The electrochemistry of gold in different halide solutions, with special emphasis on iodide is presented. The electrochemical techniques used during this investigation included cyclic and linear sweep voltammetry. A glassy carbon rotating disk electrode was used to investigate the electrochemistry of the iodide and a gold rotating disk electrode to explore the oxidation behavior of gold in iodide solutions. The effects of iodide concentration, electrode rotation and sweep rate on the electrochemical behavior of gold were examined. In addition, reduction of iodine species at the gold electrode was also investigated. Iodide is shown to be a powerful complexing agent for gold. Cyclic voltammograms of gold in the presence of 10-2 M chloride, bromide and iodide, respectively, show that the anodic currents for the oxidation of gold in iodide solution are much greater than that in either bromide or chloride. Two oxidation peaks, which represent the oxidations of Au to Au(I) and to Au(III), were observed. It is confirmed that iodide is oxidized sequentially to tri-iodide and then to iodine and both of these reactions are reversible. At high concentrations of iodide and/or a slow scan rate, passivation, which is caused by the formation of solid iodine at the gold electrode surface, was found. The cathodic reduction curves show that reduction of iodide species on gold is a function of iodine concentrations but it is insensitive to iodide concentration.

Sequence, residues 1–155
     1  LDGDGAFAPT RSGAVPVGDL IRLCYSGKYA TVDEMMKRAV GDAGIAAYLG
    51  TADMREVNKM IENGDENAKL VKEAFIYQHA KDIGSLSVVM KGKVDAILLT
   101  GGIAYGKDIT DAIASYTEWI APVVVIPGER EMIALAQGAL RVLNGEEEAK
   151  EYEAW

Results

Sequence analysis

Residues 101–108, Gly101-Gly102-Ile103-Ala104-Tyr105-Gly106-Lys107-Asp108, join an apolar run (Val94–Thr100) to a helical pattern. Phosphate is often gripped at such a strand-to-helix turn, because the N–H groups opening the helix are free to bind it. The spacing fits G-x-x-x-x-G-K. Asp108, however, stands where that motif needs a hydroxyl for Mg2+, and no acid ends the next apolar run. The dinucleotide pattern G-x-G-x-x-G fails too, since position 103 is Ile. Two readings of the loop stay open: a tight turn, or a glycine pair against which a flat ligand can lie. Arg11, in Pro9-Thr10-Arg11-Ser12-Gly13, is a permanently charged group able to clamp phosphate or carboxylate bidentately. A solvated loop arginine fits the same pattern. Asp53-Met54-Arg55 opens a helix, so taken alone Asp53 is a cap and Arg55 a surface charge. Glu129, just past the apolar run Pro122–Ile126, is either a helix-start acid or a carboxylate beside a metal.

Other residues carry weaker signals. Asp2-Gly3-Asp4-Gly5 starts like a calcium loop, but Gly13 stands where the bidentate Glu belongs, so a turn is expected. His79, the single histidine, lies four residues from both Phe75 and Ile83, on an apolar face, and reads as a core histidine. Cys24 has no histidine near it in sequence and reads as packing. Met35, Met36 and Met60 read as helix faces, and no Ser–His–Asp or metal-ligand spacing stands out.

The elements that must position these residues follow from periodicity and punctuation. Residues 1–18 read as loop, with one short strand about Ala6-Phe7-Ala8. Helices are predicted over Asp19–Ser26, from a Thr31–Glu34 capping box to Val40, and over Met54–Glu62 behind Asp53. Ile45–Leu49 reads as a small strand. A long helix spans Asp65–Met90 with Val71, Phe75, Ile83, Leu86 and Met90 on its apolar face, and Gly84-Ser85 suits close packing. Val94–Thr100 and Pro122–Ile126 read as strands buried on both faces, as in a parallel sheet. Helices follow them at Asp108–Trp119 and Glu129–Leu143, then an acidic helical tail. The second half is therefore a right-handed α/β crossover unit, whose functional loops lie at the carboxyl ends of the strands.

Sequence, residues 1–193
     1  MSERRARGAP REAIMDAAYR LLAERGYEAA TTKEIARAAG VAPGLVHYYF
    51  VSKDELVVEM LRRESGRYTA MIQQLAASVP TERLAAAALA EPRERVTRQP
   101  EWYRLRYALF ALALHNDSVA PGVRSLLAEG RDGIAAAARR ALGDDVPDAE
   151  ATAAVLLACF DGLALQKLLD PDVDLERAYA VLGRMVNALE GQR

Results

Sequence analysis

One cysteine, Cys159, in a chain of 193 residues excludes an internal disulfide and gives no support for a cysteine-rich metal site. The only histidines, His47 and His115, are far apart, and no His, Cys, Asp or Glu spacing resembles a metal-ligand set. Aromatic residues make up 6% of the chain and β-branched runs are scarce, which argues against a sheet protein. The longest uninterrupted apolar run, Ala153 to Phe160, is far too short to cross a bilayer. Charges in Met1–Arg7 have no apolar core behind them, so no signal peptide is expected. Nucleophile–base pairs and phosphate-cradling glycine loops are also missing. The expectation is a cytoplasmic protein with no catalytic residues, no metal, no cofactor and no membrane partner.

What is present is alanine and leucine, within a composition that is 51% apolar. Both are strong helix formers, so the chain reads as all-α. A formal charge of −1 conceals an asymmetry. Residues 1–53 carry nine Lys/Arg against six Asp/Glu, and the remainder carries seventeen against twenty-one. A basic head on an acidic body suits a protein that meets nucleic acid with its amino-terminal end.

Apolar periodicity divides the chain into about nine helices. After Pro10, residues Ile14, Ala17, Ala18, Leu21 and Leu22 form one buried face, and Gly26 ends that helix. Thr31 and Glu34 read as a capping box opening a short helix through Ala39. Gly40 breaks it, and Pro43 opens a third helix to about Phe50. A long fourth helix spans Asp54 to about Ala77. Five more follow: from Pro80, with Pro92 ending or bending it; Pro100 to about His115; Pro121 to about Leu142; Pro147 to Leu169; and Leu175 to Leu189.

ASJC Scopus subject areas
- Industrial and Manufacturing Engineering
- Metals and Alloys
- Materials Chemistry